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Aid for factory workers ends

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Factory workers’ temperatures are taken before their shift in Kakab II commune of Phnom Penh’s Por Sen Chey district in June last year. Heng Chivoan

Aid for factory workers ends

The Ministry of Labour and Vocational Training announced that it would halt financial support for more than 320,000 factory workers who were laid off due to their factory suspending work because of the Covid-19 pandemic.

The 320,000 workers are from more than 550 garment, footwear and travel goods factories that saw steep declines in the volume of their orders due to the pandemic.

According to the ministry’s announcement dated January 18, it is now time to end financial support for these workers because the Covid-19 situation at factories and enterprises is improved and under control and many of the closed factories have reopened.

“The government is ending the implementation of financial support of $40 per month for workers in garment, footwear and travel goods factories who were suspended, effective from January 2022 onwards,” it said.

The ministry said financial support will still be provided for laid-off workers in the tourism sector until it recovers from the pandemic’s impact.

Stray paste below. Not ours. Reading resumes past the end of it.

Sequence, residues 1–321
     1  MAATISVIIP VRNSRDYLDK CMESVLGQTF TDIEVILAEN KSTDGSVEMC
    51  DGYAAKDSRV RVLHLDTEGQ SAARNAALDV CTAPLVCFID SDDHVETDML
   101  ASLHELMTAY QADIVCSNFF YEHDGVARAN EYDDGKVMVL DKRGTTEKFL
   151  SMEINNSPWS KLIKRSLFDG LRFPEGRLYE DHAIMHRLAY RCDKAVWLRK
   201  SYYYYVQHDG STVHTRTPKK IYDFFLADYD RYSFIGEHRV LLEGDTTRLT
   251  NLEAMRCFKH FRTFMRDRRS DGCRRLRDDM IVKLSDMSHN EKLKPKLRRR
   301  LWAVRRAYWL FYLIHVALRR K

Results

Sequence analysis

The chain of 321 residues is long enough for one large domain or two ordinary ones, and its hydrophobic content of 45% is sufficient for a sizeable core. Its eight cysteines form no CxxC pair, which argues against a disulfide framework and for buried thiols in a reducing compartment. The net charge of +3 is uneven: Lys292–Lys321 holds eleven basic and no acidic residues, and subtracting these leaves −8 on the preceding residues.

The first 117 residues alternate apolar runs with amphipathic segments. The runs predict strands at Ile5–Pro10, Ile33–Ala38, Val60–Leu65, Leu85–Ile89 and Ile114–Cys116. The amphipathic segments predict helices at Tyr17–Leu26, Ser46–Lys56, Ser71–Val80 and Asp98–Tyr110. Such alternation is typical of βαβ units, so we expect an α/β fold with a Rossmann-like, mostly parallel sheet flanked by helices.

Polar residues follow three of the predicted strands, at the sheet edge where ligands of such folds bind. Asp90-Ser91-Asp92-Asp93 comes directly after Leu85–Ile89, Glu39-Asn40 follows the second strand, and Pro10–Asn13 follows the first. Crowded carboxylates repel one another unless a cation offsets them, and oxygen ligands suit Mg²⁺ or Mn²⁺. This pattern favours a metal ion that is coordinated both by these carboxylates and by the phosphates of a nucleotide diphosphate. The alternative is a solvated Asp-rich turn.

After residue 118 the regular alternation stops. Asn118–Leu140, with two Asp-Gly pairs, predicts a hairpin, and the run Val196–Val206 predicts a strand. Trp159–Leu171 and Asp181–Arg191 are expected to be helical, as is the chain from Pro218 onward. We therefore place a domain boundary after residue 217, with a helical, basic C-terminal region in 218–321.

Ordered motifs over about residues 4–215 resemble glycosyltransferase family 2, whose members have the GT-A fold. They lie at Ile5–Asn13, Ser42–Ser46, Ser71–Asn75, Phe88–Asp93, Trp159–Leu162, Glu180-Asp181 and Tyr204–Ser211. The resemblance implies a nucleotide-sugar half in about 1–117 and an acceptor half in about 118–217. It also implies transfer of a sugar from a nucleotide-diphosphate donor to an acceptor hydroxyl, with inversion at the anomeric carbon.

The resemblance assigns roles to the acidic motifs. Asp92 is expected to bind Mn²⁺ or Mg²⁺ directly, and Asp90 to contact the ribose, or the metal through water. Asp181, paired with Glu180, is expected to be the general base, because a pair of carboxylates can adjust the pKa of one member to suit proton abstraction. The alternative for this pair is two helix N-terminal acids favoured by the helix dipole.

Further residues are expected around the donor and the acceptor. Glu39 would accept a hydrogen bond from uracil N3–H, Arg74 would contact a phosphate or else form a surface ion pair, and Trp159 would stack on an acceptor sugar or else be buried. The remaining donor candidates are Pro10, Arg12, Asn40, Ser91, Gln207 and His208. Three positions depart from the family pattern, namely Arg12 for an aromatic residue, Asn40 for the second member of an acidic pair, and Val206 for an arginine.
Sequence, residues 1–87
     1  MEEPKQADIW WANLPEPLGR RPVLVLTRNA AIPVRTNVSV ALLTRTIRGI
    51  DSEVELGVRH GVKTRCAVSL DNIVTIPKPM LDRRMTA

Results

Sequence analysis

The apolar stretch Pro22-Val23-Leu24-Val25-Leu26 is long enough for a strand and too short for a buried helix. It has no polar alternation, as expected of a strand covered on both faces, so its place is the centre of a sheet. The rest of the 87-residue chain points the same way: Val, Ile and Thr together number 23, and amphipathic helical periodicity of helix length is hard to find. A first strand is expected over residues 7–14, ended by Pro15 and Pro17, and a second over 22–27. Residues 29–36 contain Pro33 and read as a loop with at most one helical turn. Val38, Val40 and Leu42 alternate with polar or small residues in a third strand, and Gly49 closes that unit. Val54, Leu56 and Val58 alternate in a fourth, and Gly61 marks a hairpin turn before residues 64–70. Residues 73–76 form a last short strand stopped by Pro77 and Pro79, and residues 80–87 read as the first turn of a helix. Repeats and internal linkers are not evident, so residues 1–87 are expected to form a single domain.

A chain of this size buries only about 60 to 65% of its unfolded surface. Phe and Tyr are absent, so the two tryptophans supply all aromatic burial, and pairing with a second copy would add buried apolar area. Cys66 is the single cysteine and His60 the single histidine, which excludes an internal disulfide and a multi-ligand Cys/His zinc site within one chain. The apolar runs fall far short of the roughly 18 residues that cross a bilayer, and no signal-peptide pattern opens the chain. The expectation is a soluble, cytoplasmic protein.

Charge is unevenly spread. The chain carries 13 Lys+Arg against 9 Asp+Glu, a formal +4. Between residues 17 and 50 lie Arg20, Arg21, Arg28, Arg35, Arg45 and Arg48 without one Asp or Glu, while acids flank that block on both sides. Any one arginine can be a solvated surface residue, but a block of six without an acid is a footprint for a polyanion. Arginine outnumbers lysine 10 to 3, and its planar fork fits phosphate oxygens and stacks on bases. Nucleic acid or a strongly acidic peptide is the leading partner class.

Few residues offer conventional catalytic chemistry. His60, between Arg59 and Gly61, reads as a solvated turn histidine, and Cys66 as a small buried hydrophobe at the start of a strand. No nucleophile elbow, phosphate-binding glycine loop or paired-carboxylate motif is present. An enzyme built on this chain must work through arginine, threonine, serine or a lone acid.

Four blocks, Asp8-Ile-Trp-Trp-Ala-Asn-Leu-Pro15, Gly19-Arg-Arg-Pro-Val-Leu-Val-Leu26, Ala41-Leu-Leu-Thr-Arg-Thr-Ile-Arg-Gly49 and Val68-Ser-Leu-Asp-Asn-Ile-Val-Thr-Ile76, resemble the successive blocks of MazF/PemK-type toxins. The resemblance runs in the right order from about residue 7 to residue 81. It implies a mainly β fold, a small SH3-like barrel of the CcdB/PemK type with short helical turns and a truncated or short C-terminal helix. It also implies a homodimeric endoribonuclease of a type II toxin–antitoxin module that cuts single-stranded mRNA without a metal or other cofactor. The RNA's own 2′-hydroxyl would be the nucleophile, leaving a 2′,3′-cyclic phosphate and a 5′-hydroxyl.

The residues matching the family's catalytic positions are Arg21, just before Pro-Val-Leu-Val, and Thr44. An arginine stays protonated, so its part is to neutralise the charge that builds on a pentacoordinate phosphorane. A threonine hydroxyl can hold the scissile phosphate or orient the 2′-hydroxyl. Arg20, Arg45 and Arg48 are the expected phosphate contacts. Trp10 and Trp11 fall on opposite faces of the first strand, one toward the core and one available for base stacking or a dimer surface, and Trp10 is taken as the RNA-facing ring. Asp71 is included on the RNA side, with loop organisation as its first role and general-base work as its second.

“From the date of this announcement, the owners and directors of factories and enterprises in garment, footwear, travel goods sectors must implement their contract suspensions according to article 71 and 72 of the Labour Law or the agreement signed between employers and employees,” the ministry said.

Ministry spokesman Heng Sour told The Post on January 19 that from the second quarter of 2020 to December 31 last year, a total of 552 factories had suspended some parts of their contracts with workers.

“Financial support during the Covid-19 crisis was provided to 329,694 workers and the government spent a total of more than $23 million,” Sour said.

Cambodian Labour Confederation president Ath Thon said he had noted that factories in the sectors of garment, footwear, travel goods and luggage were improving and workers were getting their jobs back in this sector gradually so ending the support shouldn’t affect workers much.

He also supported the ministry’s decision to keep providing support for workers in the tourism sector as this sector still suffers from the impacts of the pandemic.

“Workers in the tourism sector and at restaurants are still losing their jobs. They need money to live though this amount of money is small. They will face difficulties if they cannot get jobs,” he said.

Thon said he was afraid that Covid-19 and especially the Omicron will return to the community at large scale causing a big impact on the economy and leading to the further closure of businesses.

He said that it was expected that the tourism sector will widely reopen by June of this year should there be no large scale community transmission.

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